Regarding the benefits of nanotechnology, it allows us to carry an integrated digital logistics communication system that we previously could not obtain because there was not enough technology to be able to distill particles, fibers or sensors, or nano-scale molecules. At present, what we are seeing as a benefit of nanotechnology is that, on the one hand, it offers us the ability to generate intelligent packaging and this intelligence can be interconnected, grouped in a digital communication and monitoring system. On the other hand, it may be that nanometric materials give us another type of intelligence, such as resistance to corrosion, resistance to water, structured color behavior ... It allows us to redesign matter on a nanometric scale so as not to have to use other materials that are statistically toxic, such as pigments, plastic additives ...

Do you take into account that, once used to create packaging, they can contribute to a circular economy?
One of the reasons that cellulose has become a highly desired material and the subject of much research is because it is inherently circular, in the sense that it comes from a breakdown of materials in the soil through a tree or a plant. , which produces material to make its own body. It is, therefore, a grown biological material and has a great recyclability due to the fact that it is organic. In addition, there are many chemical systems that allow the degradation of cellulose at any scale, from macro to nano scale, and also the recomposition of cellulose, since cellulose is 100% recomposable and it is almost infinite cycle. For this reason, by definition, cellulose can be circular. And even if it is not treated in a circular way, that is, even if the cellulose is not recycled, it biodegrades, and by biodegrading it is a natural biological system that can be integrated in a circular way to more materials.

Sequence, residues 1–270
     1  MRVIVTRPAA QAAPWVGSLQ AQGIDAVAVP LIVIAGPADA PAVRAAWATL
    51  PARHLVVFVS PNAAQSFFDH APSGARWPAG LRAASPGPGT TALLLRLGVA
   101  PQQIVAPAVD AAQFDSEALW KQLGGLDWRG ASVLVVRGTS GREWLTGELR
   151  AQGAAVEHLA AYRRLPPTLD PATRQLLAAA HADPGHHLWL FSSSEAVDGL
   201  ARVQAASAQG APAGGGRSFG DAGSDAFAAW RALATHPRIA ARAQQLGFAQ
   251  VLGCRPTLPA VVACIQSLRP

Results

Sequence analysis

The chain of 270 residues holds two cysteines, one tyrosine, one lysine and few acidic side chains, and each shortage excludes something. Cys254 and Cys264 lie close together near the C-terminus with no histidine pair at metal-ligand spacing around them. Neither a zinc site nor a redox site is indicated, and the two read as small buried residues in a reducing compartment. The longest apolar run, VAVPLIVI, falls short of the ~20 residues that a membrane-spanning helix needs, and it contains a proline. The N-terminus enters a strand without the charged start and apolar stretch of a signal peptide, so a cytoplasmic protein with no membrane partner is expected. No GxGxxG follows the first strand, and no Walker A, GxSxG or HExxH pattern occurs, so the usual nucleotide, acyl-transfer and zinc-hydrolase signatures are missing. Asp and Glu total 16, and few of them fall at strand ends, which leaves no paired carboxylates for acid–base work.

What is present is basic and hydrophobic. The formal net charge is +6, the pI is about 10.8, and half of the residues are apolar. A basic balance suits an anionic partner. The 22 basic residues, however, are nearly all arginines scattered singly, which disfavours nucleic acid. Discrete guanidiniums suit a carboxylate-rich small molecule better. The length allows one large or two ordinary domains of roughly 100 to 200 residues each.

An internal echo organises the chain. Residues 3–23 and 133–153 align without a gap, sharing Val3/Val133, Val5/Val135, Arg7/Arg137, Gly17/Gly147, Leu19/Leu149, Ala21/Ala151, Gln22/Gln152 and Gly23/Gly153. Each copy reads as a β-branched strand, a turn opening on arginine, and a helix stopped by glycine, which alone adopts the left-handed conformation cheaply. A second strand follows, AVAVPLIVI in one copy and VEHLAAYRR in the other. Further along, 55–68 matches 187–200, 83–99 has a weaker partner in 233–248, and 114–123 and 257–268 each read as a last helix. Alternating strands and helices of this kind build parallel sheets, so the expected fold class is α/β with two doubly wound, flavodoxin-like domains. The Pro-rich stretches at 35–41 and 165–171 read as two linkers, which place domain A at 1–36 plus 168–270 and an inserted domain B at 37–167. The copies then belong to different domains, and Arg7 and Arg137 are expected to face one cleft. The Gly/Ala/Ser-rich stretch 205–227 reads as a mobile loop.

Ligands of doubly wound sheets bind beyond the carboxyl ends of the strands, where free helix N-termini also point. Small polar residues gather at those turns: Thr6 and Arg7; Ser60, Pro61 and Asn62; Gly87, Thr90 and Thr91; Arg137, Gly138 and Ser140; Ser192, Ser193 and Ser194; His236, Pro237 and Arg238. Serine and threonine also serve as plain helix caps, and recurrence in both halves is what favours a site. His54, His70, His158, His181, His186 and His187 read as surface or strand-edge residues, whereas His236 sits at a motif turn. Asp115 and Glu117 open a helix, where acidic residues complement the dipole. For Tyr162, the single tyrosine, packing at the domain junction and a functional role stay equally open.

Nanotechnology is not very circular, in fact it is a fairly linear material, but it can be integrated into a circular logistics system. If we apply it, we must have a structure for identification, classification, separation and recycling, because if we do not monitor it and leave it thrown away as a linear material, it can be highly toxic. Paradoxically, nanotechnology, which can be technically dangerous, can lead us to impose recovery logistics systems in order to manage it.

Is ecodesign essential as a first step towards the transition to a circular economy?
Ecodesign itself is not essential to lead to a circular economy. In fact we have had many circular economies without being focused on ecodesign or ecology in general. The circular economy is more than anything else an ideology, it is planning and it is a socio-cultural and economic vision. However, some materials lend themselves better to eco-design, because they are supposedly made with existing ecological processes. But even so, a misuse of a material, such as the massive cultivation of a type of tree for the manufacture of a certain type of cellulose, can be very harmful and can compromise the ecosystem, rather than help it. This is what is called monoculture, as for example in Galicia growing eucalyptus from seed in industrial production format, and this is not necessarily a good thing.